Compression Quality Factors

You can specify a quality factor when saving an image file to LEAD, JFIF, LEAD2JFIF, LEAD2JFIF, JTIF, LEAD1JTIF, and LEAD2JTIF. The quality factor (Q factor) is a number that determines the degree of loss in the compression process. You can set a value from 2 to 255, where 2 is the highest quality and 255 is the most compression.

For JFIF and JTIF compression only, you can also use a factor of 0 to produce lossless JPEG files.

NOTE: JFIF  4:1:1 and 4:2:2 formats use subsampling for the color components. In the case of 411, the color components for 4 pixels are averaged during compression. This will cause a color shift, but the shift is tolerable for low compression ratios. If you have high compression and repeated savings, then the color shift will increase.  Due to inherent limitations of the JPEG algorithm, the only ways to avoid this are: (a) avoid repeated load and resave, or (b) use 4:4:4  format, which has no subsampling.

For LEAD CMP compression only, you can also use one of the following enhanced options:

Q Factor

Predefined options for LEAD only

PQ1

Perfect quality 1

This option compresses all colors of a 24-bit file and maintains the quality of the original image at a smaller file size. As the name suggests, there is no visual loss of color at this setting.

PQ2

Perfect quality 2

This will produce a smaller file size than PQ1 while maintaining similar quality.

QFS

Quality far more important than size

This option removes colors not noticed by the human eye. Most viewers cannot tell the difference between an image compressed at this level and the original image.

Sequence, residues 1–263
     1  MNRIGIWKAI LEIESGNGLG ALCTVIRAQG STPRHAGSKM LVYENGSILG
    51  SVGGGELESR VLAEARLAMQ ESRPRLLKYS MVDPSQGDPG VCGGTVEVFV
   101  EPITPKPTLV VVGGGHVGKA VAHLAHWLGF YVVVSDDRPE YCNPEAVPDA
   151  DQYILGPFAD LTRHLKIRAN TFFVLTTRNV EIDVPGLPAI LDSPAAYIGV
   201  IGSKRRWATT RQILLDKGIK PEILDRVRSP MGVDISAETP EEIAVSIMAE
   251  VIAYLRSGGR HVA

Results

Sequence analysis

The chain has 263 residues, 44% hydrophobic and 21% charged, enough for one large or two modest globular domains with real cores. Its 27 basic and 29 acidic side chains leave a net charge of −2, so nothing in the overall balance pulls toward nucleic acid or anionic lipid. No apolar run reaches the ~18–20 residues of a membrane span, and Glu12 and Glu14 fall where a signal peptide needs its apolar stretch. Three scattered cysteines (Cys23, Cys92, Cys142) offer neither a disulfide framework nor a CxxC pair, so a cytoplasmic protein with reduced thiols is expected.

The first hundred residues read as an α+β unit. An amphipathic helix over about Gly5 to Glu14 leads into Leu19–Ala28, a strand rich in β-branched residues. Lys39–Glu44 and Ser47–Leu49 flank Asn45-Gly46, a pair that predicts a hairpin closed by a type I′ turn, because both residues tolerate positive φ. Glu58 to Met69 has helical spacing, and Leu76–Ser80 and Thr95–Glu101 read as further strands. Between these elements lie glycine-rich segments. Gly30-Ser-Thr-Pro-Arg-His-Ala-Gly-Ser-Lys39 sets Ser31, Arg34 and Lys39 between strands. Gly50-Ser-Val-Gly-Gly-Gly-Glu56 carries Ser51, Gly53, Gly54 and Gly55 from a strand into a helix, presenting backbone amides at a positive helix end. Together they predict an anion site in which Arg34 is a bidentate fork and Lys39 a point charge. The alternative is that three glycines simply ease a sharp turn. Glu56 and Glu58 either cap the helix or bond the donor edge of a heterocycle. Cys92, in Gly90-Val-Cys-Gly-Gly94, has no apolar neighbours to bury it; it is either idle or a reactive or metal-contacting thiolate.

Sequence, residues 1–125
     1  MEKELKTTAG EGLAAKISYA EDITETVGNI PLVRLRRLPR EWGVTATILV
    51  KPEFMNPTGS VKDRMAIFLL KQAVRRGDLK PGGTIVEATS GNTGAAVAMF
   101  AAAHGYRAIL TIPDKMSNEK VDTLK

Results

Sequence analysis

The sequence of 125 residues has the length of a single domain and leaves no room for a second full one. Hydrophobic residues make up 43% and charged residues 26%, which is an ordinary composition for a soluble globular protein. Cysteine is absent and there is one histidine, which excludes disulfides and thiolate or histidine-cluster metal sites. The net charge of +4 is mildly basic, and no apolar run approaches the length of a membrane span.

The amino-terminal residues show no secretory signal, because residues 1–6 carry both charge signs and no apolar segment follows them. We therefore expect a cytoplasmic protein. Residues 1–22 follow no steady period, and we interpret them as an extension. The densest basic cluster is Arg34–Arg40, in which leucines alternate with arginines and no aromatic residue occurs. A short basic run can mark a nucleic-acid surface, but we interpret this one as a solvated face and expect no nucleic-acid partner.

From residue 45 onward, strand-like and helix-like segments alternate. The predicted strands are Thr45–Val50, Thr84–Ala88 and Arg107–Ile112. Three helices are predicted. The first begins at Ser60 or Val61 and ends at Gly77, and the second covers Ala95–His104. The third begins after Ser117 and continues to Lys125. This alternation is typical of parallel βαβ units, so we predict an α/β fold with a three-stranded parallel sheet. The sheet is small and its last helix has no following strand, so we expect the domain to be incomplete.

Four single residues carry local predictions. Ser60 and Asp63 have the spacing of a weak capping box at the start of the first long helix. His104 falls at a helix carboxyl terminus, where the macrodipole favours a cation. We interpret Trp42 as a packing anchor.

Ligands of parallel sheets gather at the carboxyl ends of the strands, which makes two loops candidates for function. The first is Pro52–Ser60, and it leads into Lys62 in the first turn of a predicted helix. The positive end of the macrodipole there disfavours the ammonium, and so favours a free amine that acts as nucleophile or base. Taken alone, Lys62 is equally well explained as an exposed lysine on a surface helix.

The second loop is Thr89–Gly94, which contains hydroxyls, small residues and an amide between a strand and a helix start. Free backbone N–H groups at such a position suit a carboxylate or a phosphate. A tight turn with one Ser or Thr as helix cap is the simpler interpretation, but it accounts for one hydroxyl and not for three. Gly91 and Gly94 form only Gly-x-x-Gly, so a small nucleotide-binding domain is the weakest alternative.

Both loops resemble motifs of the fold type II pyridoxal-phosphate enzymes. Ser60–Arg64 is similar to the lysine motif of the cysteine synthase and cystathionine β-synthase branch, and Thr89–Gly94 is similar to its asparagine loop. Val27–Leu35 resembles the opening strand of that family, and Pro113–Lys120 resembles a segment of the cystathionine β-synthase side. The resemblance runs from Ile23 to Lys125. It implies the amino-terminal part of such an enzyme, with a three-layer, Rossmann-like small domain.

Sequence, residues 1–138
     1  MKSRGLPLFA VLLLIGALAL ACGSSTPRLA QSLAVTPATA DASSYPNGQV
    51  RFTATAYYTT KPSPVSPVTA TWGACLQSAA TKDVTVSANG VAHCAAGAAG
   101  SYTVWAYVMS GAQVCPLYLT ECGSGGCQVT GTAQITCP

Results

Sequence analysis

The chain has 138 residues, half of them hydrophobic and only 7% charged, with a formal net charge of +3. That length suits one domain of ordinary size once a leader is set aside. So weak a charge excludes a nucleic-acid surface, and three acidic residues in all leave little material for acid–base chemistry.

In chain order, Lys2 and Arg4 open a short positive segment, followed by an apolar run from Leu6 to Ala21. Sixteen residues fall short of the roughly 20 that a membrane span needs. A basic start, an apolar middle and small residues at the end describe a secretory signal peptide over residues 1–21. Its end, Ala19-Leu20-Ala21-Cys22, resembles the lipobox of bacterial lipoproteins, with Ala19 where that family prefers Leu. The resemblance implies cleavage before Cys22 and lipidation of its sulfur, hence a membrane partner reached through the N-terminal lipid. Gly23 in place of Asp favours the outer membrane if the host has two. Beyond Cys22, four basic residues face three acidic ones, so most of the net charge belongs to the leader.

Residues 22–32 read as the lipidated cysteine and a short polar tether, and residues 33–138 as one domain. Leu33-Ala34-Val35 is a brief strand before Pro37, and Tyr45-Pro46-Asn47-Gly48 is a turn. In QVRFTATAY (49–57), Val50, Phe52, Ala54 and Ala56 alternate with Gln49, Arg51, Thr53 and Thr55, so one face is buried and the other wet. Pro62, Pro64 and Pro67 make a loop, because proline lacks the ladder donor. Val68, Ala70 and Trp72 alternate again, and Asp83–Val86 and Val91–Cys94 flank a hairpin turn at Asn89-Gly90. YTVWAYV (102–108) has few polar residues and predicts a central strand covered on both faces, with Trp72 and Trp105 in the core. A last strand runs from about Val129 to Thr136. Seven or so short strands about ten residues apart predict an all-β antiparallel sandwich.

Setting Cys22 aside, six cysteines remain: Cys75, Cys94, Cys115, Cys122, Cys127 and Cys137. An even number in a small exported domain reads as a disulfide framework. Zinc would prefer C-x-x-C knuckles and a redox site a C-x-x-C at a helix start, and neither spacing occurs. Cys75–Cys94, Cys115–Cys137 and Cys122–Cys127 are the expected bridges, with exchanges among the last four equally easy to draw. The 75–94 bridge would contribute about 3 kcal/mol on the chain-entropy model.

QMS

Quality more important than size

While more colors are removed, most of them are colors or shades that are close to one another. The compressed image will appear very much like the original image. It will take some study to see the difference.

QS

Quality and size equally important

This option provides the highest compression while maintaining good image quality. Try this option first, then move up or down the list accordingly to obtain acceptable compression size and image quality.

SQS

Size more important that quality (sharp)

This option is recommended for images that have sharp edges. For example, an image that has a text overlay or an image with many straight lines. While it creates a larger file than the next option, it retains better edges.

SQT

Size more important than quality (less tiling)

This option produces less tiling in the image than the previous options. However, it may distort text or straight lines. It is a good option for image database applications.

MCQ

Maximum compression keeping quality

This option provides maximum compression while maintaining as high as possible image quality.

MC

Maximum compression

This option gives maximum compression. It is equivalent to a Q factor of 255.

For the PNG format, the qFactor can be a value between 0 and 9. 0 = (default compression), 1 (fastest compression) ... 9 (highest compression ratio)

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